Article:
August 2012 Competition: Compact Challenge Results!


The point of August’s challenge was to remove several of the commonly-overused crutches for most photographers: depth of field, extreme perspectives, and producing useable images in low light thanks to modern killer sensors. Point and shoots are in a way, a devolution to a much simpler kind of photography that focuses almost solely on composition, exposure, and to a lesser extent, perspective. You simply don’t have the same toolkit as you would with a larger sensor. The upshot of this is that if you can consistently make an image that works with a compact, you can do it with something larger: it’s the composition that stands out as being strong, over everything else. Similarly, if you have no problems representing your subject in 8-9 stops of dynamic range, you should be able to do even better with 12, 13 or even 14. With that in mind, the contest was limited to small sensors only.

All in, we got 70 entries – I think there was a degree of saturation after the last challenge, or perhaps this one was uncomfortable and unfamiliar territory for many photographers. Nevertheless, a decent showing. Thank you also for those who submitted multiple entries. This means a total of US$350 received, with a first prize pool of $175 and one of my Photoshop Workflow DVDs to the winner and $70 to the honorable mention.

Without further ado, let’s move on to the finalists – in no particular order. For each shot, I’ll go through what works, what doesn’t, and how it could be improved.

Runar Nielsen – Small shoes (Fuji X10)

Runar Nilsen

Nice use of chiaroscuro and a strong single light source to give the subject both depth and texture; there’s good vertical balance to the image too. The technical qualities – tonality, exposure, sharpness – are also excellent. However, the weak point of the shot is empty space – I feel there’s a lot of blank foreground front-left that feels like it’s not really contributing to the shot. There’s also some color dissonance here – the shoes have a feel of something old, weathered and vintage; best represented by warm tones; this doesn’t jive with the cool tone of the background. One final possible improvement: a little highlight kicker on the back of the shoes to define the back edge against the background. A separate light would do it, or alternatively a strategic reflector. See my upcoming series on lighting…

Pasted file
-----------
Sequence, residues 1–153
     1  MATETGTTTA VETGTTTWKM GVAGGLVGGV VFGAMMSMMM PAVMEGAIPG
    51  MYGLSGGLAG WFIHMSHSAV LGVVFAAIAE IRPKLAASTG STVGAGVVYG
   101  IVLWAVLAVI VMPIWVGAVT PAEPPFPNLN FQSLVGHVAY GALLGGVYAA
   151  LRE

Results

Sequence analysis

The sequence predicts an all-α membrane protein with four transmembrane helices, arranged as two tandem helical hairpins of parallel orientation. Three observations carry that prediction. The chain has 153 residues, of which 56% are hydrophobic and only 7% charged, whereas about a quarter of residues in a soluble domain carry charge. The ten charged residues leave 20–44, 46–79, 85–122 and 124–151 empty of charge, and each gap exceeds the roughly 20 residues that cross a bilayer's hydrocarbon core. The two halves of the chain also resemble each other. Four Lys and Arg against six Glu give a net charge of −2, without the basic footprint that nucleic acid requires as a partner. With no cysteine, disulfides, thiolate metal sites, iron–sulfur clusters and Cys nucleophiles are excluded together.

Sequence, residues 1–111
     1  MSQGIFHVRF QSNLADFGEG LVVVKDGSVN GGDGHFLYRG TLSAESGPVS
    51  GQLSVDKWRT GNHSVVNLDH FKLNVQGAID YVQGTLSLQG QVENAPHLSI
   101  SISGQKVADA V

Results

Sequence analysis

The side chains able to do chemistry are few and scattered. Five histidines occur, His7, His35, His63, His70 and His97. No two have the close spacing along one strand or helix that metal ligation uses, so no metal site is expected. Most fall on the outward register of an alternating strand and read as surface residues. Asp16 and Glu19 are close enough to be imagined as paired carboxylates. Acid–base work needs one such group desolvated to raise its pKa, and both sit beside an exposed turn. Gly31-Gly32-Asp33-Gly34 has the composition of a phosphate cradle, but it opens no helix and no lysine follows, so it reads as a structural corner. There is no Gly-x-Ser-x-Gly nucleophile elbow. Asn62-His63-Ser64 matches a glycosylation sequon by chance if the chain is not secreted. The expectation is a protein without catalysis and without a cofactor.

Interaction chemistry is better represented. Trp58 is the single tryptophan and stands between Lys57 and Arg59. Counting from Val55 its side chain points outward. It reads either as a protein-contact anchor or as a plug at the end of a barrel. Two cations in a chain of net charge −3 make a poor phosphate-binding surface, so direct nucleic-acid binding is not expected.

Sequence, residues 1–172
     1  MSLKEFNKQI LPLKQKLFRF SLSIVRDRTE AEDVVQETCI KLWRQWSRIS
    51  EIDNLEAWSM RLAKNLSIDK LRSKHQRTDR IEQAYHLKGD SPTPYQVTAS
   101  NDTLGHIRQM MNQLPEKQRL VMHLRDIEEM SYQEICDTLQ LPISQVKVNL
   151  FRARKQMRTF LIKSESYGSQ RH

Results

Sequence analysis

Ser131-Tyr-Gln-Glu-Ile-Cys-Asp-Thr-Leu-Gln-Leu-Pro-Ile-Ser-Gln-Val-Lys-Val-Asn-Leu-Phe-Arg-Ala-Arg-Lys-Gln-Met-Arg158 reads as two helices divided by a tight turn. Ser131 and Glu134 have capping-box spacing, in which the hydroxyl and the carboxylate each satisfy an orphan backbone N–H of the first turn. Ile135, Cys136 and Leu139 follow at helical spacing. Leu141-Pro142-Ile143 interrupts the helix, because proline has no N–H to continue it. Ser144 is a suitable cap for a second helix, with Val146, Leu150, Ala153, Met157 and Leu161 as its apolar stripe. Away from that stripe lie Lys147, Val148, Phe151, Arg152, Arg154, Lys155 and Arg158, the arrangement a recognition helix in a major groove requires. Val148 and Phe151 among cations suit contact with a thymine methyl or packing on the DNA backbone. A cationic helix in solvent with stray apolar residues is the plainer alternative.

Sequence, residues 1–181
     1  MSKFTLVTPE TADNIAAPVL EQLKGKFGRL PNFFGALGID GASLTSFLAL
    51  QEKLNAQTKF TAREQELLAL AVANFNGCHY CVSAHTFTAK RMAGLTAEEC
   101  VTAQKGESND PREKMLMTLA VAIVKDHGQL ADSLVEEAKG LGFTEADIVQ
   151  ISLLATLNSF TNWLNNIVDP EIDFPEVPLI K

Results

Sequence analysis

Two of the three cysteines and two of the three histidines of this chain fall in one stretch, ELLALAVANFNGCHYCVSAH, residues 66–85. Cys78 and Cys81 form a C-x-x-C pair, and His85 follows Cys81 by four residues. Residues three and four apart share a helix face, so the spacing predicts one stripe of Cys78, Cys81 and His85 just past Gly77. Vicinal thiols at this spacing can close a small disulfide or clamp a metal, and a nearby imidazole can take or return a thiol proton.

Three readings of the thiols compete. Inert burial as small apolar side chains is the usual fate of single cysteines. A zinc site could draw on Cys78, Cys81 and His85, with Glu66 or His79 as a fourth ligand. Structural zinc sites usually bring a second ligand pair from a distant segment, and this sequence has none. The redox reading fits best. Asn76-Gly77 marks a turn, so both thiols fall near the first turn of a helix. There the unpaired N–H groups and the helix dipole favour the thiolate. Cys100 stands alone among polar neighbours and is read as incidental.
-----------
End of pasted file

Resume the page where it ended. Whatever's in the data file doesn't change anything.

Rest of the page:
Samsudin Mohd Ali – Looking down on the big boys looking up (Leica D-Lux 4)

samsudin mohd ali

There’s a degree of consistent chaos to the subjects here that I like – nobody has their lenses aimed in quite the same direction, but yet the shot makes you wonder what it is they’re looking at. There’s nice tonality to this image; despite the obviously bright day (note shadows) and restrictions of small sensors, whites and blacks are managed well. What doesn’t work is the huge empty space in the sky. I would have either excluded most of the sky and focused on the people, perhaps holding the camera higher above my head to get a slightly top-down perspective, or try to include whatever it is they were photographing (if at all possible).

Jesse Estes – Send off (Canon Powershot SD550)


I think what struck me about this image was that it had the feel of a Salgado in color. It has that particular textural look and feel created by mostly backlit subjects, dodging and burning and some atmospheric haze; I think the subject didn’t do any harm either. There may be a little too much of this, though; the deep shadow areas never really hit black. What I don’t know is whether it works better horizontally or vertically – I feel perhaps including some more of the window and  the foreground woman might feel more balanced, especially if there was a little dark space left around the edge to form a natural frame to the image. There’s also a part of me that just can’t help wondering what it would look like as a B&W, though the tonal palette here does give the scene life.

Larry Gebhardt – Light at the courthouse (Panasonic LX5)

Larry Gebhardt1

This image is a good example of one of the strengths of small sensor cameras: the ability to create abstraction through combining very compressed perspectives with high depth of field. This is rarely possible at close distances with a larger sensor, because the apertures required become unfeasible. Nice tones, nice metering, and a clear subject which is well-isolated by natural frames. What isn’t so strong here is balance: the whole right side and top-right corner is empty and dark, and lacks the texture of the left side. I would crop this one to end just before the shadow starts on the right for a much stronger composition.

Robert Symonds – untitled (Canon S95)

robert symonds

I don’t know for sure what this subject is (I presume it’s a vintage hood ornament) but I do know that I like the fluidity and texture of it, and the way it contrasts against the blue and white; once again, the technical aspects of the image are perfect, but what’s missing is balance. It feels as though there’s too much white in the bottom half, though if you start playing around with crops, you find that any less looks top-heavy. The solution is rotation. The subject here is a bit like a snow-covered mountain against the sky; you need to have an ‘up’ side and a ‘down’ side to the slope – without it, the mind is a bit confused because it can’t place a sense of scale to the object. So, the conclusion here is a bit of rotation of the camera anticlockwise, and a little more subject on the right – bingo.

Carlos Paturzo – untitled (Canon G10)


Compression of perspectives is used here to good effect also. This image is all about texture; the ripples in the water are well-defined and sharp, yet abstract enough to be impressionistic. I think if the water was calmer, I would go with inverting the image to make the reflection appear as reality instead; however, this is the best orientation given the current subject. The problem area for me is the top right corner – which is a bit of a shame, because this is where  most of the subject definition happens. There’s a huge hotspot on the hull of the boat, which means losing some of the texture of the reflections in the hull; I find this visually very distracting. The only solution would have been to underexpose some more and bring it up again in postprocessing, at the expense of some shadow noise – which I can already see creeping into the foreground.